Ask yourself, what do you want the wedding to look like? When you walk into the reception, what do you see? Having gone to some weddings, what did you like? What didn't you like?
Collect magazine or books. Going to the book store to purchase wedding books is a great idea. There's a plethora of coffee table books on weddings, event decor, and flowers so for most people you will be able to find lots of ideas. There's also an abundance of magazines that come out bi-annual, quarterly, monthly that contain great images and photos. There are endless blogs including Snippet and Ink, Style Me Pretty, 100LayerCake, Green Wedding Shoes, Grey Likes, Elizabeth Anne Designs, Wedding Chicks. I can go on. The ideas are endless.
|Feel free to follow me on Pinterest at @Nancy Liu Chin|
(see Above for our Circus Wedding Inspiration Board)
What else can you do?
Bring swatch samples.
If you haven't picked your bridesmaid or bridal gown, that's fine as well. You can go into home depot and pick out some "paint" chips if this helps. Buy a Pantone book if you really want someone to know what you mean by green because I guarantee you, that if a bride walked into my office and told me her wedding color is green I would ask her, "is it moss, forest, sea, celery, pea, chartreuse, apple, lime, sage, vivid, Kate Spade, Kelly, spinach, pepper green?
Bring Invitations, photos of the location. I guess the bottom line is this. Bring all the things that you think is useful for someone who is creating your weddings flowers. And it doesn't have to be a whole novel, a few printouts, consolidated into something concise is perfect.
Bottom line: Go to be informed, be prepare to show and tell.
4) Ask and you shall receive
In advance of your meeting, be sure to have a list of questions that you need answered. During the meeting many will be addressed however if you don't have a prepared list, you might forget a few important questions. Jot down at least a few key questions. I've prepared a short list of what I would ask a floral designer. Hopefully this will help you.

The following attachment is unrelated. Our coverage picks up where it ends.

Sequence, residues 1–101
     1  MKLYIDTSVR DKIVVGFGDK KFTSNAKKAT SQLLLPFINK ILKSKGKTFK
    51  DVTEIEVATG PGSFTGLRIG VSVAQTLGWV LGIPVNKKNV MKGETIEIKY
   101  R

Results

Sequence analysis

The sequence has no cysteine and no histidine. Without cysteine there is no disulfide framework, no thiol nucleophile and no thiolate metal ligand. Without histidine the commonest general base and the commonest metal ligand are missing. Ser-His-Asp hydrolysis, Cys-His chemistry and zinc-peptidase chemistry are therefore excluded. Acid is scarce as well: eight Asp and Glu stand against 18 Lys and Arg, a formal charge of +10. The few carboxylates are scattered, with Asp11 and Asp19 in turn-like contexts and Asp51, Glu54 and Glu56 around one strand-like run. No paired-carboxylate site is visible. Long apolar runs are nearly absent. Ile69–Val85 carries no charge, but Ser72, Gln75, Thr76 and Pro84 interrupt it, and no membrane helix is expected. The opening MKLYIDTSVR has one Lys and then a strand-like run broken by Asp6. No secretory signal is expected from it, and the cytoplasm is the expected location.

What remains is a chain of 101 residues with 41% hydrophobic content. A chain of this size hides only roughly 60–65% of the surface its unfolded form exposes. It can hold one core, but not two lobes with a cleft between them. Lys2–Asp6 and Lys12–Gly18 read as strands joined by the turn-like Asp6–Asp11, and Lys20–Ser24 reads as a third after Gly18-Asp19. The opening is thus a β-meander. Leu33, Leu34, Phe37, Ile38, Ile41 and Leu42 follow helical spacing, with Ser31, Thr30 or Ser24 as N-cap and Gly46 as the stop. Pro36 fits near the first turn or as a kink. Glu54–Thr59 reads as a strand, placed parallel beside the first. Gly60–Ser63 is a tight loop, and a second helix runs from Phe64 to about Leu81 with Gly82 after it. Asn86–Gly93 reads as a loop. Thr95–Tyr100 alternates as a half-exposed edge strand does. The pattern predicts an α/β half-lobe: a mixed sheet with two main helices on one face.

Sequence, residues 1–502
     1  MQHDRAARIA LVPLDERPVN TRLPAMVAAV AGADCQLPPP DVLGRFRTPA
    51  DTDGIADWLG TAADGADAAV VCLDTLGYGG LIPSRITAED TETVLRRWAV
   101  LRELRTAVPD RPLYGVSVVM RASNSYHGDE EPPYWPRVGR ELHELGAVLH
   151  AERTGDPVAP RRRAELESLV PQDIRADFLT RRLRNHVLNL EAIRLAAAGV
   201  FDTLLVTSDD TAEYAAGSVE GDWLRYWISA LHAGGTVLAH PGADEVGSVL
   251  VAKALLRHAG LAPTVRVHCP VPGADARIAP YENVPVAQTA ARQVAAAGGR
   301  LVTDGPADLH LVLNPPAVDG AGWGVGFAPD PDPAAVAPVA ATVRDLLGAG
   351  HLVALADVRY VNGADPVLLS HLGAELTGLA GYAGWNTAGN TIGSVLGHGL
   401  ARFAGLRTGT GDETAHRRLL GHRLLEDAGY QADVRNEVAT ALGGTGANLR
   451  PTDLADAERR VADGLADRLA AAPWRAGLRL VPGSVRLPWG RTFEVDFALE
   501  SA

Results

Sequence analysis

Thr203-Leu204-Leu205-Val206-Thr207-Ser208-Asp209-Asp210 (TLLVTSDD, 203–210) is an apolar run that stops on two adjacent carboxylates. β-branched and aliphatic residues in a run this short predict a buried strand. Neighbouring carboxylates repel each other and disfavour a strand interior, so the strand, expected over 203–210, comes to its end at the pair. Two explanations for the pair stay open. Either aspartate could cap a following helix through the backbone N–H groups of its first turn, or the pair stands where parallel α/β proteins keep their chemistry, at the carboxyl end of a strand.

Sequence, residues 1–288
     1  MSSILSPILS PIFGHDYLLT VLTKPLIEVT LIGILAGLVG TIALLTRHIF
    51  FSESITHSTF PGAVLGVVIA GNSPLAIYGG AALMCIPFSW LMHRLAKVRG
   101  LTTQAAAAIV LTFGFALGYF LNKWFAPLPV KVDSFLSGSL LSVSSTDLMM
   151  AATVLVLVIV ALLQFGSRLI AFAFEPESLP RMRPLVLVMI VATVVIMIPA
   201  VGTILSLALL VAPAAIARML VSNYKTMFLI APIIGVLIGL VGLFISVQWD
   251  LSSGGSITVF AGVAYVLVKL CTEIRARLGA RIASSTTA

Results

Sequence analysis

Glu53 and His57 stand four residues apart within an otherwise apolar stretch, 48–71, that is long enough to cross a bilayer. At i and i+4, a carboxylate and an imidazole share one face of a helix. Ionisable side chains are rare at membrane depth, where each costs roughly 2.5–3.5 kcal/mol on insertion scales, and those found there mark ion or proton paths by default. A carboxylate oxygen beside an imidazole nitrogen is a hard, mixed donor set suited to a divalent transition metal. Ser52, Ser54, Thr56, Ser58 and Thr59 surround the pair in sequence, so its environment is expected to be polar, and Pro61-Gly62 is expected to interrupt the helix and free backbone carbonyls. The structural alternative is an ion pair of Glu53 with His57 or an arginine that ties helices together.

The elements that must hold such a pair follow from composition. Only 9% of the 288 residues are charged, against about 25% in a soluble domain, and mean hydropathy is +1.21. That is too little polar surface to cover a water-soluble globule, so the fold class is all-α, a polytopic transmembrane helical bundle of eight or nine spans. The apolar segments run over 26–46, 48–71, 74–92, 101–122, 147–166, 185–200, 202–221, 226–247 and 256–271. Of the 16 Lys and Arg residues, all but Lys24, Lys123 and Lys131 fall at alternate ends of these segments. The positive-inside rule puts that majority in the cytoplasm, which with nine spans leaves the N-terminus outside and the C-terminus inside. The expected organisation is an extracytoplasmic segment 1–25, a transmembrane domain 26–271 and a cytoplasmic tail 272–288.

Can you suggest a few cost saving tips? What flowers hold up the best during the month of
(This question will show if the floral designer is truly knowledge about flowers and thinks off the cuff.)
Have you worked at my venue before? If not, would you mind going to do a site visit.
(This question shows that a floral designer is attentive to the details and wants to be prepared. It also reflects their experience level.)
Do you drop off the flowers or does your staff or crew do the complete setup?
(This question will answer what type of day of service you will get. And if the price for such service is warranted.)
What was your favorite wedding? Do you have an example in your portfolio? What made it so special?
(This question will show you what the floral designer deems tasteful, interesting to them. I love this question because only a couple brides have ever asked me this and I think this one is by far the most interesting. It shows me that a couple wants to get to know me as a designer. )
How many events do you do a week? Will my wedding be the only one that day?
(This question might be important to some of you if you feel that you need your vendors to focus on just you for that week.)
Have you ever gotten so ill that you couldn't complete a job? If so, what would happen to my wedding?
(It's important to know if a floral designer has contingency plans. I know that we do so I think others should be prepared as well)
Bottom line: Whatever quality is important to you, make sure you leave that meeting feeling that you get a good sense of a floral designer's values, creativity, knowledge, and depth.